If you have no credible source for this idea, then why do you mention it? It is impossible to prove that the first iconographers to use halo didn't take inpirations from pagan imaginery.
In order to know if halo is compatible with christian faith, you have to look what is the meaning of light in Scriptures. You can see from many fragments (like The Gospel According to St Jonh the Theologian Prologue) that the light means the life-giving energy of God. We can see that Christ shone with light during His transfigurations. We see prophets seeing light during their revelations. This is why Christ is surrounded by halo in icons (in the icon of Transfiguration this halo is big and surrounds His whole body).
Also the holy men (I don't know why you use quotes here) could be seen shining this light. There is a wonderful example in this text: St. Seraphim of Sarov's Conversation With Nicholas Motovilov.
Father Seraphim replied: "I have already told you, your Godliness, that it is very simple and I have related in detail how people come to be in the Spirit of God and how we can recognize His presence in us. So what do you want, my son?"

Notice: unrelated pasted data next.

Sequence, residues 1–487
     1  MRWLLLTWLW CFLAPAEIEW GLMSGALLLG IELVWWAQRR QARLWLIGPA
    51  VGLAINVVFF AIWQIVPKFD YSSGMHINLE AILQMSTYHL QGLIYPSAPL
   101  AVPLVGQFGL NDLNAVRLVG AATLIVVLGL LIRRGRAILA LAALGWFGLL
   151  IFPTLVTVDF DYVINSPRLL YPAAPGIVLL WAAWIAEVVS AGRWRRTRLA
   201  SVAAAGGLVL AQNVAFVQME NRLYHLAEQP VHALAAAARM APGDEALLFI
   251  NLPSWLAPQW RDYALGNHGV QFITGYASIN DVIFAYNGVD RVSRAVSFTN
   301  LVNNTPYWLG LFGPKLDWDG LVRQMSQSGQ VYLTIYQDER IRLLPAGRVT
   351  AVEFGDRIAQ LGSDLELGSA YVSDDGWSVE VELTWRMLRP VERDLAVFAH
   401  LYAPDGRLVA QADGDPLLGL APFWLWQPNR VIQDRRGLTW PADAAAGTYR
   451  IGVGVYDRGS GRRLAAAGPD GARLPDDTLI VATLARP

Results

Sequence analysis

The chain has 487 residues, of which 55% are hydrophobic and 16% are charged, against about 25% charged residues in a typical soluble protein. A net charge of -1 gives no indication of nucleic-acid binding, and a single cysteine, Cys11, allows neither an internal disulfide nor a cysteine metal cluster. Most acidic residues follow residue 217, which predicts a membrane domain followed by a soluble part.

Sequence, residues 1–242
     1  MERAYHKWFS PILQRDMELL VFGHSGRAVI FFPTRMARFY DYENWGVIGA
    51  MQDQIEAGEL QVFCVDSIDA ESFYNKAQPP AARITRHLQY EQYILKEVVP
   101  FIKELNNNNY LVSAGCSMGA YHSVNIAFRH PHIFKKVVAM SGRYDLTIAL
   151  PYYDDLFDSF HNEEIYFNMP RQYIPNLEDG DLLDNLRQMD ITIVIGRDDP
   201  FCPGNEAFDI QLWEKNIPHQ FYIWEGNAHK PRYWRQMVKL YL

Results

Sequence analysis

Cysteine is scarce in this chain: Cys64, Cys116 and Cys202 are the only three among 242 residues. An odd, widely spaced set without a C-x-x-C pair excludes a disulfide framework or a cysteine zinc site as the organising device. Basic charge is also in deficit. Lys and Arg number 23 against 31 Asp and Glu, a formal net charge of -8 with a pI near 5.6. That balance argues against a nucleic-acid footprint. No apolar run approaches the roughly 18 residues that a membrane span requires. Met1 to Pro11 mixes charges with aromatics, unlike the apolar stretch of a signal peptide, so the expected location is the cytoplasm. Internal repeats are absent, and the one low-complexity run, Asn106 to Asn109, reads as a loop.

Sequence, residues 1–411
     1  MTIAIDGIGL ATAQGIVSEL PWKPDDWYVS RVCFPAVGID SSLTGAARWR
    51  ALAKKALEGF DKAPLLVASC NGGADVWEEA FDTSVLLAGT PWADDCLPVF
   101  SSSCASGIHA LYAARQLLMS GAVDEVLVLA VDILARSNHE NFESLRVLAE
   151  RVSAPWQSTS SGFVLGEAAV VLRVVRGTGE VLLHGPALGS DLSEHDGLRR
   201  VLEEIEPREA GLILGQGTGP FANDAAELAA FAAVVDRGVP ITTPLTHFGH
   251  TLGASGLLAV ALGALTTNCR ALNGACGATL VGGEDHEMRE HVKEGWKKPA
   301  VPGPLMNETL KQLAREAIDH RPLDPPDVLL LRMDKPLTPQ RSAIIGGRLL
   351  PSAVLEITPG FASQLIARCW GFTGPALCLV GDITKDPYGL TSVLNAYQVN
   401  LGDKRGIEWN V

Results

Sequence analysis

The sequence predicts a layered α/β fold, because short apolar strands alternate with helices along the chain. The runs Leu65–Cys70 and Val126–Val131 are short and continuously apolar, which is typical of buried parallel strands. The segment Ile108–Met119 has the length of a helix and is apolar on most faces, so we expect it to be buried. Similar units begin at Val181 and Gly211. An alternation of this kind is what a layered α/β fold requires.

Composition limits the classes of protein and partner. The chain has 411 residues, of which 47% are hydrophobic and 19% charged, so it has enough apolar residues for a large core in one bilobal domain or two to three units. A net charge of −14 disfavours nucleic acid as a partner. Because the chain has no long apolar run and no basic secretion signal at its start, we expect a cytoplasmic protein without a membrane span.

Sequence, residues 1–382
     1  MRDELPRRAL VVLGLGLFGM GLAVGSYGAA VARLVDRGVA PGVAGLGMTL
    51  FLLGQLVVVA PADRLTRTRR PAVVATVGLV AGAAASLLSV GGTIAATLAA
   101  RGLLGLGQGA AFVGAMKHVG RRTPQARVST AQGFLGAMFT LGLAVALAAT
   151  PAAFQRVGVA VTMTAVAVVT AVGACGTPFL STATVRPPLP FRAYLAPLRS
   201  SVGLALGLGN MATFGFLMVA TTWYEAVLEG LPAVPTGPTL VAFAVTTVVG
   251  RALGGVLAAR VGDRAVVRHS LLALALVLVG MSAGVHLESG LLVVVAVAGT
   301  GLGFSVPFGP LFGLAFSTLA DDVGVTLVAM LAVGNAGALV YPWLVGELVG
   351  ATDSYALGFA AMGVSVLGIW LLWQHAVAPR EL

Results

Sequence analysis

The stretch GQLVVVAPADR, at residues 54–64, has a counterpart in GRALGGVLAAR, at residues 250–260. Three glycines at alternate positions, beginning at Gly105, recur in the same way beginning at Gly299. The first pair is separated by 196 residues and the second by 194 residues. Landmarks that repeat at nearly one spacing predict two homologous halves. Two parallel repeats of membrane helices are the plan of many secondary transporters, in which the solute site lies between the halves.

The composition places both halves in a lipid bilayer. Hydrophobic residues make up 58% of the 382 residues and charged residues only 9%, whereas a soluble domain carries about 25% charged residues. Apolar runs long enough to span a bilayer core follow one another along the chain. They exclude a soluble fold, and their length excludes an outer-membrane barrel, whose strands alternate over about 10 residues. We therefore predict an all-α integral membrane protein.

"I want to understand it well," I said.
Then Father Seraphim took me very firmly by the shoulders and said: "We are both in the Spirit of God now, my son. Why don't you look at me?"
I replied: "I cannot look, Father, because your eyes are flashing like lightning. Your face has become brighter than the sun, and my eyes ache with pain."
Father Seraphim said: "Don't be alarmed, your Godliness! Now you yourself have become as bright as I am. You are now in the fullness of the Spirit of God yourself; otherwise you would not be able to see me as I am."
(I would recommend to reading the whole text)
So even if there was some pagan elements of inspiration in this symbol (like e.g. clergy vestments taking inspiration from the roman officials dresses), it is now used for the christian meaning and is fully compatible with what Christianity teaches.